James Spader displays his shockingly buff new physique in Supernova, but that’s about the only noteworthy special effect in this sketchy space opera, pseudonymously directed by Walter Hill (as Thomas Lee). Superficially resembling any number of bleak, humorless direct-to-video sci-fi schlockers, the film unspools so choppily, sans opening credits, that you’ll swear you’ve walked into a showing already in progress.
Spader plays Nick Vanzant, a recovering addict who finds himself piloting the 22nd-century medical vessel Nightingale 229 after its captain (Robert Forster) fails to survive a dimension jump. (In one of the film’s myriad curiosities, Forster, assaying his most prominent role since earning an Oscar nod for 1997’s Jackie Brown, gets his face melted off within 20 minutes.) After the crew answers a distress call from an abandoned lunar mine, a hunky scavenger named Larson (Peter Facinelli) — who appears to be the son of the junkie ex-lover of the ship’s doctor (Angela Bassett), really — comes aboard with his find, a Flubbery glowing purple mass. Is it a priceless alien artifact, a hallucinogenic oracle, or a life-regenerating bomb? And just how does it contribute to Larson’s eventual case of intergalactic ‘roid rage?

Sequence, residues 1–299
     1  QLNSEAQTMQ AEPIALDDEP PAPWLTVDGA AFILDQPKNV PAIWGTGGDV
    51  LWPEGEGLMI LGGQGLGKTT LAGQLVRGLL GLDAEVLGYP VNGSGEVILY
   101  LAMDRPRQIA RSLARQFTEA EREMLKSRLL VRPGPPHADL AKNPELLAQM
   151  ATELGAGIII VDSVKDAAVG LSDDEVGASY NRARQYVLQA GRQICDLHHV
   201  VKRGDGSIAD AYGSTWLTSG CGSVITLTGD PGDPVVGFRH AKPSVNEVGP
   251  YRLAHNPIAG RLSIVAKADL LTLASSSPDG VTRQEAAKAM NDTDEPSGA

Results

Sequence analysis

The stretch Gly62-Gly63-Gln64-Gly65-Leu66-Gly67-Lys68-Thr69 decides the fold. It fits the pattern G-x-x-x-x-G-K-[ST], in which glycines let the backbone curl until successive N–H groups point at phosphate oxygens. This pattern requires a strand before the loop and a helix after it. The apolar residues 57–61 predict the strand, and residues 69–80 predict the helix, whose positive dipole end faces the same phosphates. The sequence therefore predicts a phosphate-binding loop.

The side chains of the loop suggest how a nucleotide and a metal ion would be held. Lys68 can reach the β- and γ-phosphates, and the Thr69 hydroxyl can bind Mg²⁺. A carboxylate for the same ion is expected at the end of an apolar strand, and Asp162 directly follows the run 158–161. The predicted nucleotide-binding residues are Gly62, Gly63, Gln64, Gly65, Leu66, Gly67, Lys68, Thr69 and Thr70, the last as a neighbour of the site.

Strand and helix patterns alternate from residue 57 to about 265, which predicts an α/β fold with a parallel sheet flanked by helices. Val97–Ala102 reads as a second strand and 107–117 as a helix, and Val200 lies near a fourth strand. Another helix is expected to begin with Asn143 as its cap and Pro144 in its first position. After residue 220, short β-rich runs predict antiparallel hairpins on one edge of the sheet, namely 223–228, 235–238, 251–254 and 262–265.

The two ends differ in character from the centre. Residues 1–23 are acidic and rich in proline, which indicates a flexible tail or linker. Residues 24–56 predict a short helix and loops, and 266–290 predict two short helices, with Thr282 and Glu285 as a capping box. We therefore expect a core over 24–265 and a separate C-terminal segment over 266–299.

The answers are revealed in a series of oddly perfunctory scenes shot mostly in tight close-up with an unsteady cam and befouled by an intrusive, fillings-tingling score — all of which lends the entire enterprise a chintziness that belies its reported $60 million budget. Almost as peculiar is the constant stripping down and suiting up of the better-than-expected cast (including Lou Diamond Phillips, Robin Tunney, and, as a fey engineer, Wilson Cruz), whose occasional nude couplings suggest a different, racier movie that didn’t make it to the screen. It’s no surprise director Hill, who replaced original helmer Geoffrey Wright (Romper Stomper) shortly before production, removed his name after the studio reportedly had Jack Sholder (The Hidden) and then Francis Ford Coppola reedit the picture. What’s left is a frustrating jumble of logic leaps, impenetrable technobabble, rote action, and not one distinctive F/X set piece.
The film’s print ads and posters scream “All Hell Is About to Break Loose.” Yeah, maybe at MGM’s marketing meetings.